by Jake Miller
Since 1969 the European Cup has used the away goals rule to separate sides that have drawn on aggregate. The tie-breaker, applied after 180 minutes in UEFA Competitions, gives extra weighting to goals scored away from home (as the name suggests) in an attempt to encourage teams to be more adventurous on their travels, but is it still applicable?
Introduced firstly in 1965, the rule has remained un-altered in European club football since its first sighting. In the early days of UEFA competition, whilst travel was arduous and conditions usually massively in the home sides favour, going away from home was a monumental disadvantage and thus many teams were happy to get home with whatever they could from away games.
The away goals rule, deemed necessary to try and get away from the oft boring approach of travelling teams parking the bus to try and keep the game alive for when they played the 2nd leg, created a very interesting tactical question of weighing up risk and reward, one which still hasn’t been conclusively answered.
The question nowadays ultimately boils down to whether playing at home is worth the huge disadvantage of being against an opponent whose goals are worth more than your own. The problem is that comparing the supposed advantages of home field and the away goals rule is impossible because there is no way of measuring factors supposedly key in improving the home team’s chances (atmosphere, familiarity with surroundings etc.).
I’d suggest that given the chance, most teams would instantly accept an offer of being away from home for both legs if aggregate score draws automatically gave them a win, but the psychological barrier of being the home team is an idea that is sewn into every sport in the world.
Of course it is easy to argue that both teams have it the same as there will be two games played; one at home and one away, but this is ignoring the dynamic of knockout football. It is extremely rare to see teams playing a gung-ho style in the first leg as, away goals or not, a major first leg deficit is difficult to overturn (coincidentally only twice in the Champions League history have a home side lost the first leg and qualified).
This leads to cagey first leg encounters by design, and thus the away team in the first leg is much less likely to score away goals. It could also be considered counter-productive as instead of promoting an attacking football match, the away goals rule instead makes conceding at home a necessity to stop, thus negating the home team’s threat. A rule introduced to increase the entertainment of knockout games in Europe has instead put massive emphasis on the importance of not conceding at home.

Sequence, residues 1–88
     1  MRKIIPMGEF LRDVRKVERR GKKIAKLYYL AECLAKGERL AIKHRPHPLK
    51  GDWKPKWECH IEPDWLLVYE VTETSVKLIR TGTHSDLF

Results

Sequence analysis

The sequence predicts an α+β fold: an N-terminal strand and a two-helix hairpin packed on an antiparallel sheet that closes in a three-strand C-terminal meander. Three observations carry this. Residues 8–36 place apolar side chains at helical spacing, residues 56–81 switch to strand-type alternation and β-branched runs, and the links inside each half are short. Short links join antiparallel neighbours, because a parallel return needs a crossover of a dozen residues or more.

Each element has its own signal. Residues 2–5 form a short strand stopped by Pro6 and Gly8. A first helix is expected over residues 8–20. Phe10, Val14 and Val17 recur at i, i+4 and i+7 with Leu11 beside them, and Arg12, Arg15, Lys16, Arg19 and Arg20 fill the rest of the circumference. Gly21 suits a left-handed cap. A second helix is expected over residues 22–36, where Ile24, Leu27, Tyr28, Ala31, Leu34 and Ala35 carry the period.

Again, this is purely anecdotal evidence and difficult to prove by way of statistics, however there is another advantage available to teams who play away from home second time round. The rules of the Champions League are such that the away goals rule is applied twice – once after 180 minutes and again after 210 minutes (i.e. after extra time in the 2nd leg) thus giving the away team an extra 30 minutes to score an away goal.
With the difference between Europe’s elite sides being so small, extending the length of the away goals rule by 16.66% is surely a massive advantage? Fortunately, the extra period is a particularly rare occurrence (both ties having to end in exactly the same result for it to go to extra time) although this is the very reason that the away goals rule was abolished in the Football League play-offs.
As for solutions, the simplest would be to scrap the away goals altogether with a draw meaning the sides play out extra time and penalties. An alternative would be to play the rule very specific to the League Cup semi-finals in which away goals are only used as a separator after extra time in the 2nd leg, thus being used a last resort as a tie-breaker, presumably to avoid a penalty shootout. Whilst perhaps better in some respects, it perhaps put even more emphasis on the side playing away from home in the second leg’s advantage of having an extra half an hour to score an away goal.
My ultimate argument is a very simple one. Football matches have always been decided by who scored the most goals, and it is a system that does us well. The timing of and the venue in which these goals are scored is not deemed important in any of the leagues that we all watch week in, week out. The away goals rule changes that, and I don’t think it’s for the better.
POLL: Should the away goals rule be scrapped? Have your say below:
Jake Miller is a feature columnist for Just Football and can also be found over at Playing the Percentages.